For most people, four years of college and three years of law school might constitute a lifetime of learning. But for Richard M. Hluchan (pronounced Lukan), living fully means continuing education.
Hluchan, 44, is a partner in the Voorhees law firm of Levin & Hluchan, which specializes in environmental and land-use law. But this month, he will return to school. It's not a typical classroom situation; it's more of a hands-on experience. Hluchan will join 55 others from across the state as a Leadership New Jersey Fellow for 1994.
The leadership program, started in 1986, is one facet of The Partnership, an organization founded in 1984 to expand and improve the leadership pool in South Jersey.
The program is supported by the Geraldine R. Dodge Foundation and various corporations that lend their executives for one year to oversee it.
Partnership director Thomas O'Neill said each fellow was carefully selected for the program, which requires $2,000 in tuition.
The program was designed to develop knowledge of state issues, and to help professionals hone their coalition-building skills to solve state problems, O'Neill said.
"We had about 140 applicants to the program this year," he said. "But professional competence is not enough to gain entry into this program. We're looking for people who have a record of leadership in community and volunteer activities as well."
Hluchan is a former deputy state attorney general in Trenton and chief counsel to the Pinelands Commission. He has also raised funds for the Baidoa Orphanage in Somalia and been active in Haddonfield School activities.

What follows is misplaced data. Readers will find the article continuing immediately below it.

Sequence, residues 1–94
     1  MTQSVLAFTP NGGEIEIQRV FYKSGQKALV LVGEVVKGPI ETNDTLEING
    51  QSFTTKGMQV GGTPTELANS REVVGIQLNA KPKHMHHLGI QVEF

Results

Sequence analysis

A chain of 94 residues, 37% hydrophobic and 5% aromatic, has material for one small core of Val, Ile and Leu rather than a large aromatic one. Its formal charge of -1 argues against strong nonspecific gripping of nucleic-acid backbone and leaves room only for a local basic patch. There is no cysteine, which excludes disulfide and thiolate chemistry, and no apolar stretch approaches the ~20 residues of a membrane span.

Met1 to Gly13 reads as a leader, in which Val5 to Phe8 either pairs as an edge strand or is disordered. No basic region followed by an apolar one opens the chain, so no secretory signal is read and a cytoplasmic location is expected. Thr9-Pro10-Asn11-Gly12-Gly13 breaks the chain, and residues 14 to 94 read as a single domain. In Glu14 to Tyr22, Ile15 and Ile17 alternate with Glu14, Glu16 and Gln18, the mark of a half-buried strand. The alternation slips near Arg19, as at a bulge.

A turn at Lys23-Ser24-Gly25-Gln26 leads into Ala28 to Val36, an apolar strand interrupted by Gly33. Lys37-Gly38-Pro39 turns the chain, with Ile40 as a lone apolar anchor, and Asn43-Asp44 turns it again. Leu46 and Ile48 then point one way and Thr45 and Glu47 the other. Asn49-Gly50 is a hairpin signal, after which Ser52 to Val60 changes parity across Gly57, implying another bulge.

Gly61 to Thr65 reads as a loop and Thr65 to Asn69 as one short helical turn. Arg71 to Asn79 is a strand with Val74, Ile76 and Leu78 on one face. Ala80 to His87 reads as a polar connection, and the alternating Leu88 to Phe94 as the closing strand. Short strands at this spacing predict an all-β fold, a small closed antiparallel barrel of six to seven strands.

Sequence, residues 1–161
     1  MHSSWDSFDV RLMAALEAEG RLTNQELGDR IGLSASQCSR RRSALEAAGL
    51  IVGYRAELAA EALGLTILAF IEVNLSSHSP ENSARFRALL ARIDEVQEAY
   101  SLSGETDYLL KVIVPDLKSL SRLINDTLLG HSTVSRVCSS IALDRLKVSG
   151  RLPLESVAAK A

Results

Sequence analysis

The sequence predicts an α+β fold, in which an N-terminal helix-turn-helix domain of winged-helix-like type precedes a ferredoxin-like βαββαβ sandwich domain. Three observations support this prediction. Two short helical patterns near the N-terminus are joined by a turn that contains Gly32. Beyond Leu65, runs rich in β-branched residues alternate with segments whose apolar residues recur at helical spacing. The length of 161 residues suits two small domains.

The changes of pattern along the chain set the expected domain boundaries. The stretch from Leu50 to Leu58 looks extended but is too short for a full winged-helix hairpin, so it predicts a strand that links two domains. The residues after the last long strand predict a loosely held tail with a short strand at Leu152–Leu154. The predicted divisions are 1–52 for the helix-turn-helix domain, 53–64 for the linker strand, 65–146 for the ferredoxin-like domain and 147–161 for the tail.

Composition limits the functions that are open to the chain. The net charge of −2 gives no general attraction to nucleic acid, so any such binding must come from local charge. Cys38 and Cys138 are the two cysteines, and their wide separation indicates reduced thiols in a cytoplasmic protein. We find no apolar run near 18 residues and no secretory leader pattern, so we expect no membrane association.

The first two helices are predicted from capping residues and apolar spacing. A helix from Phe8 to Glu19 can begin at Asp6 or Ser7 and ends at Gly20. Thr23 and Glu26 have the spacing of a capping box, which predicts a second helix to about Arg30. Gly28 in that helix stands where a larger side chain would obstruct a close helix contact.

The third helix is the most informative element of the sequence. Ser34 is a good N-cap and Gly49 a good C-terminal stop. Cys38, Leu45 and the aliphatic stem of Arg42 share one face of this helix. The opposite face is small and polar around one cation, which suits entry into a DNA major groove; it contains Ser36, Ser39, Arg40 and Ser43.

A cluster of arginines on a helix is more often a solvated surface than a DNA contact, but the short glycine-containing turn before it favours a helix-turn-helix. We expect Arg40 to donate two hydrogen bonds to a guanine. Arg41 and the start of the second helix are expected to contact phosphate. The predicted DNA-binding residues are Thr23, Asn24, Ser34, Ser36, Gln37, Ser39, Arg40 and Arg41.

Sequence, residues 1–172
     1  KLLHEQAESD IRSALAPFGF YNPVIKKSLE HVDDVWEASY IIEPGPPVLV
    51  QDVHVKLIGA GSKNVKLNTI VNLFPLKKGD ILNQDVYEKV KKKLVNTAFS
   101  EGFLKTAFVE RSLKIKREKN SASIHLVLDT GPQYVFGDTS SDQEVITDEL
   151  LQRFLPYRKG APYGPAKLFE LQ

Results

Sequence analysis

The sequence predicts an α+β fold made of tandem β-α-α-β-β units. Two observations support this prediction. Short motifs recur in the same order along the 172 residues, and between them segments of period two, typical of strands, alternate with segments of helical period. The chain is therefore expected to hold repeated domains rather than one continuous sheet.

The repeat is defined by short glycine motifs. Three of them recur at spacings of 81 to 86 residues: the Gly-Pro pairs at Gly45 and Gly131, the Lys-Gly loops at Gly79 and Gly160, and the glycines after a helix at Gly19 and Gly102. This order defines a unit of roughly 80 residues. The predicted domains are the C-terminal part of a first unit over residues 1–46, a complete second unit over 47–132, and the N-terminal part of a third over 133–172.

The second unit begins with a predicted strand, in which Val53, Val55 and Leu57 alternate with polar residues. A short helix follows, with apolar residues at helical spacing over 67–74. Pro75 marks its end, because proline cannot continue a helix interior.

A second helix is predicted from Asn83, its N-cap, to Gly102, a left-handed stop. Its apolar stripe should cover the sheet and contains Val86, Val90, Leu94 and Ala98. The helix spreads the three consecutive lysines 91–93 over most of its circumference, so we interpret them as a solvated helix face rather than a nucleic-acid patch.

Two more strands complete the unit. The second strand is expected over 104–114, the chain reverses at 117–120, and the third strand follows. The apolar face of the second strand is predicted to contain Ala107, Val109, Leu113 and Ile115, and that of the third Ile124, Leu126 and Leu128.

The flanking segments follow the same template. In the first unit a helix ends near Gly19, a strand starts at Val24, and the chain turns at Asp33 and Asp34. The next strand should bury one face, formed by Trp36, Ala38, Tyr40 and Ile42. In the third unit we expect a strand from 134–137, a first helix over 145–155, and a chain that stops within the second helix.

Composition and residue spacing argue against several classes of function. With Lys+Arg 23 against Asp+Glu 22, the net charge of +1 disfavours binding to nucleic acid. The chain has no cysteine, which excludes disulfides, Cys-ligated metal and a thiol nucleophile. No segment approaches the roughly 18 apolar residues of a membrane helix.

To get the fellows comfortable with one another, an introductory program has been developed, O'Neill said.
"Since we'll be discussing controversial topics like prisons, juvenile offenders, health and social reform in our nine sessions, this retreat is to guide people in learning how to say 'you're wrong' without getting involved in personal attacks," he said.
"The sessions will put people in typical situations that confront the professional who work in each area. We do field work and case studies. For example, in the human-services area, teams will go to Paterson and deal with real cases. They might have to deal with problems in a hospital emergency room.
"They'll have to figure out how to solve real problems. For example, they might have a 15-year-old girl living in an abusive situation who needs help. And she might not speak English. But they have to find a way to resolve her problem through using the resources available."
Hluchan thinks the program has come at the right time in his life.
"This is really a chance for me to broaden my knowledge," he said. "I'm up on environmental issues and land use. I can tell you all about Superfund sites.
"But it's difficult to contribute to any dialogue and debate the issues facing us across the state if we're stuck in a narrow niche. I've reached the point where I think it's necessary to get a handle on the whole ball game."
Hluchan lives in Haddonfield with his wife, Deborah, and two daughters.